ASIC Banning of Directors post Covid-19

ASIC Banning of Directors post Covid-19
Posted on 5 Aug 2020

 

In the wake of Covid-19, there are likely to be a number of distressed businesses and corporate entities that inevitably suffer an insolvency event and are forced to close their doors.  This may result in a number of external administrations such as appointments of a receiver, voluntary administration, voluntary winding-up or a creditors’ winding-up.

If you are a director of a company placed into liquidation, or more significantly a director of multiple entities that suffer an insolvency event and are placed into liquidation within a period of seven years of each other, then the ASIC has the power, pursuant to section 206F of the Corporations Act, to disqualify that person from being a director of a company for a period of up to five years.

The disqualification pursuant to section 206F of the Act is not automatic and ASIC will take into account certain factors such as the reason for the collapse of the failed companies, and invite submissions from the director prior to exercising its power.

 

Relevantly some of the factors taken into account are:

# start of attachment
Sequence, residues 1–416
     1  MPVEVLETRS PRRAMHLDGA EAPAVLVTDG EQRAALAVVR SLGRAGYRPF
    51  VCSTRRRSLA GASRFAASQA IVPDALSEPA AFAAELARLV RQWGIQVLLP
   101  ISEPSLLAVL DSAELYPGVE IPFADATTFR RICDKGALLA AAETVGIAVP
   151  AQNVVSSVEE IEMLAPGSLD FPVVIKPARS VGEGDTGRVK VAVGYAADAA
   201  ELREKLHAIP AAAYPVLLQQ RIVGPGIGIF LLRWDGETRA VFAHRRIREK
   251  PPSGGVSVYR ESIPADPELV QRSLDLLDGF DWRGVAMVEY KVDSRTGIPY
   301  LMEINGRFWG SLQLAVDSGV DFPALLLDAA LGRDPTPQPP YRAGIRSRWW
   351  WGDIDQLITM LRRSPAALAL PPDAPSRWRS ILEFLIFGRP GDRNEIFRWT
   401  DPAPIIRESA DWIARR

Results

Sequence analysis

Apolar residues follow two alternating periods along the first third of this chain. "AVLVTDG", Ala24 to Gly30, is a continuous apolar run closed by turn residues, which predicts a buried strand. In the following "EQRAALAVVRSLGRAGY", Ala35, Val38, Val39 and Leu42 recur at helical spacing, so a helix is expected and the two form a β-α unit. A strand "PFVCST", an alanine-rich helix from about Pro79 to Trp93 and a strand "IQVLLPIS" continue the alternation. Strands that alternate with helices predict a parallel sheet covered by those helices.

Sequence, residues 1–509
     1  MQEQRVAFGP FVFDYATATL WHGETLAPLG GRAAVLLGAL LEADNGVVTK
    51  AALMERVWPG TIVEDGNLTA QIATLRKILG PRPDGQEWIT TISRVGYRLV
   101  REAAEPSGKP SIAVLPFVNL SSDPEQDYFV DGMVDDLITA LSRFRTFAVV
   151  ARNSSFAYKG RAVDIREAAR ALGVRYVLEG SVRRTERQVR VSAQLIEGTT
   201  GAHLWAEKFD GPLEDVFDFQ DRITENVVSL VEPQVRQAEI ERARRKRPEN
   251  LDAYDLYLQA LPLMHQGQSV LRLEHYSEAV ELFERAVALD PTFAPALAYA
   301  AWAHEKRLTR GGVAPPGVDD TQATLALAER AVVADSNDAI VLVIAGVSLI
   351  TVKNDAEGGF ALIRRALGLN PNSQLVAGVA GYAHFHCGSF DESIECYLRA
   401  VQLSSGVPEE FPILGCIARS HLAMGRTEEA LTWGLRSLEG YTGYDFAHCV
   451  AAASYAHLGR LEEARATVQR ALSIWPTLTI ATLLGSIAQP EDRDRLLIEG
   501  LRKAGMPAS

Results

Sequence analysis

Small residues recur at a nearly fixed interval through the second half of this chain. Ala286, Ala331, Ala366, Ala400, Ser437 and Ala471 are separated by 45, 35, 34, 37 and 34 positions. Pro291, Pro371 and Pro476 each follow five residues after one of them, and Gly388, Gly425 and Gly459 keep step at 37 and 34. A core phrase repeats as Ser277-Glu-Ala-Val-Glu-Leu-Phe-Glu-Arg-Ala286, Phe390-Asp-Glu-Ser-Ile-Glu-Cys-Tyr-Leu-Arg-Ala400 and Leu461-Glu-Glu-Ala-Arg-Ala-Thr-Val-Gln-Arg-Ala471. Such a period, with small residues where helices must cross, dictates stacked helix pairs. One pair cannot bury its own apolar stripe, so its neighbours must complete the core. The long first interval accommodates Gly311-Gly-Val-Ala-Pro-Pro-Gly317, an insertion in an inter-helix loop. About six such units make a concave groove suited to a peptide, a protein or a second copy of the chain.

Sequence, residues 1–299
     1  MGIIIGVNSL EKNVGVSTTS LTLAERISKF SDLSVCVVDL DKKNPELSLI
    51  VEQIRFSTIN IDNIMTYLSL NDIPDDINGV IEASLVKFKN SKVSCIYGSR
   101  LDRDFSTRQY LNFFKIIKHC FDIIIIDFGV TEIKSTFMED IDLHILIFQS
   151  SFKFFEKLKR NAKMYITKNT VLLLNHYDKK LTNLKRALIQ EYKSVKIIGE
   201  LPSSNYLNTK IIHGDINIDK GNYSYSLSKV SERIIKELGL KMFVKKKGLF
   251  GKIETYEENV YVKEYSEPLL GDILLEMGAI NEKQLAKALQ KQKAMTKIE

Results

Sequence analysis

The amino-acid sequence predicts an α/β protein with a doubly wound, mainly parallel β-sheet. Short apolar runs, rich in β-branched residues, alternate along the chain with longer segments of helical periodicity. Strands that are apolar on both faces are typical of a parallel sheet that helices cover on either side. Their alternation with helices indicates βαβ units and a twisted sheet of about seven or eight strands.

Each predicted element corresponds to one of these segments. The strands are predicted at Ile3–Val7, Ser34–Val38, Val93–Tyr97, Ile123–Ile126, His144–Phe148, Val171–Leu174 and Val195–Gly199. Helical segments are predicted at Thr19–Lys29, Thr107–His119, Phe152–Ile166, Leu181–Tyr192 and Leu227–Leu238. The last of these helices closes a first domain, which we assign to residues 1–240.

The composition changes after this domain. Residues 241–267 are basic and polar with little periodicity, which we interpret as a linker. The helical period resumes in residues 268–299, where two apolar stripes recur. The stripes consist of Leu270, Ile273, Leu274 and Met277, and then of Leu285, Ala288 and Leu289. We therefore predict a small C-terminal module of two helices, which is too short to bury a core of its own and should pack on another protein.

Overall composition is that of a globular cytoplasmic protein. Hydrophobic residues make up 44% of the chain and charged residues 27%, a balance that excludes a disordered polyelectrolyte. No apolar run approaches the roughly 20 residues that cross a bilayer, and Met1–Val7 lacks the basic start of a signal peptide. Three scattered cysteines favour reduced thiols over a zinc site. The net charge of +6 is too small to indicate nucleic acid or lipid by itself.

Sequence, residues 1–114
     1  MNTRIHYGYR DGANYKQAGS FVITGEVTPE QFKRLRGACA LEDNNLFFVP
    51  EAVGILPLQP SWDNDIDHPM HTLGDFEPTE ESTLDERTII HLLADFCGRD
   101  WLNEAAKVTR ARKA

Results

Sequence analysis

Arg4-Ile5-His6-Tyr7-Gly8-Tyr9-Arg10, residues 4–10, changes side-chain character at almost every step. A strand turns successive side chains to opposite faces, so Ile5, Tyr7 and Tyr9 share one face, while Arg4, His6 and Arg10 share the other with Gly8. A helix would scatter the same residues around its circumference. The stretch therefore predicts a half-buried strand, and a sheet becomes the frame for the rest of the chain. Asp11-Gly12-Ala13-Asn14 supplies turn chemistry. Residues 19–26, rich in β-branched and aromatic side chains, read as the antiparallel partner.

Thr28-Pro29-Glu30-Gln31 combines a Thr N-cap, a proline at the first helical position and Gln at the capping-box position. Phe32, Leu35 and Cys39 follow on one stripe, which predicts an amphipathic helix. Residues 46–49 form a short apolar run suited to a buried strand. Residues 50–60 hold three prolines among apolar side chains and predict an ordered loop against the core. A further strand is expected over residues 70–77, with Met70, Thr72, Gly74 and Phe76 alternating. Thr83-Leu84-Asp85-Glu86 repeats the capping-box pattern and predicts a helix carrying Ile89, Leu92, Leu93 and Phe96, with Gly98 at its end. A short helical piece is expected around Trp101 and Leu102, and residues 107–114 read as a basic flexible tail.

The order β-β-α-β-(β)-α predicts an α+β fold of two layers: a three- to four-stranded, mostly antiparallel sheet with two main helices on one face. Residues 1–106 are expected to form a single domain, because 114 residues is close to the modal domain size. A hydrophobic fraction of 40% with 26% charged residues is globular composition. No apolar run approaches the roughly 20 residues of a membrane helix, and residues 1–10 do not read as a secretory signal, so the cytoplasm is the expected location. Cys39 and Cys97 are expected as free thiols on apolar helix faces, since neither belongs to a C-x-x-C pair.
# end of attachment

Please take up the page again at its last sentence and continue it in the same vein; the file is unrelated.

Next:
(a)        whether the failed companies were all involved in the same business such that the domino effect results in multiple companies going into liquidation at once and for the same (or similar) reasons;

(b)        whether the conduct of the director in particular is such that it is misconduct, or there have been significant breaches of the directors’ duties found at sections 180 to 183 of the Corporations Act 2001; and 

(c)        whether there is a public interest element attached to the disqualification.

 

It remains to be seen whether the impacts of the pandemic are another factor that the ASIC may take into account and whether any connection between the pandemic and the collapse affords some leniency.

Certainly, the ASIC’s current position is indicative of some consideration given to the pandemic, having already notified that it is focusing its regulatory efforts on challenges created by the pandemic and relegating other matters to low priority until at least 30 September 2020.

As to October and beyond, it is not yet known how ASIC will exercise this power in a post-Covid-19 environment. The timing is relevant though, as 25 September also brings with it the end of the moratoriums granted by the amendments to the Corporations Act 2001 and the Bankruptcy Act 1966 pursuant to the Coronavirus Economic Response Package Omnibus Act 2020.

With a potential second wave upon us, and JobKeeper 2.0 already announced extending support for eligible employees, it appears more likely than not that ASIC’s focus will not return to these matters just yet, and likely not before 2021.

However, the significant financial impacts on the economy and businesses is very real and there are steps you may be taking now, to assist in any submissions that you may ultimately need to make to the ASIC in the future.

 

Contact one of our team at Cronin Miller Litigation Lawyers for further information.

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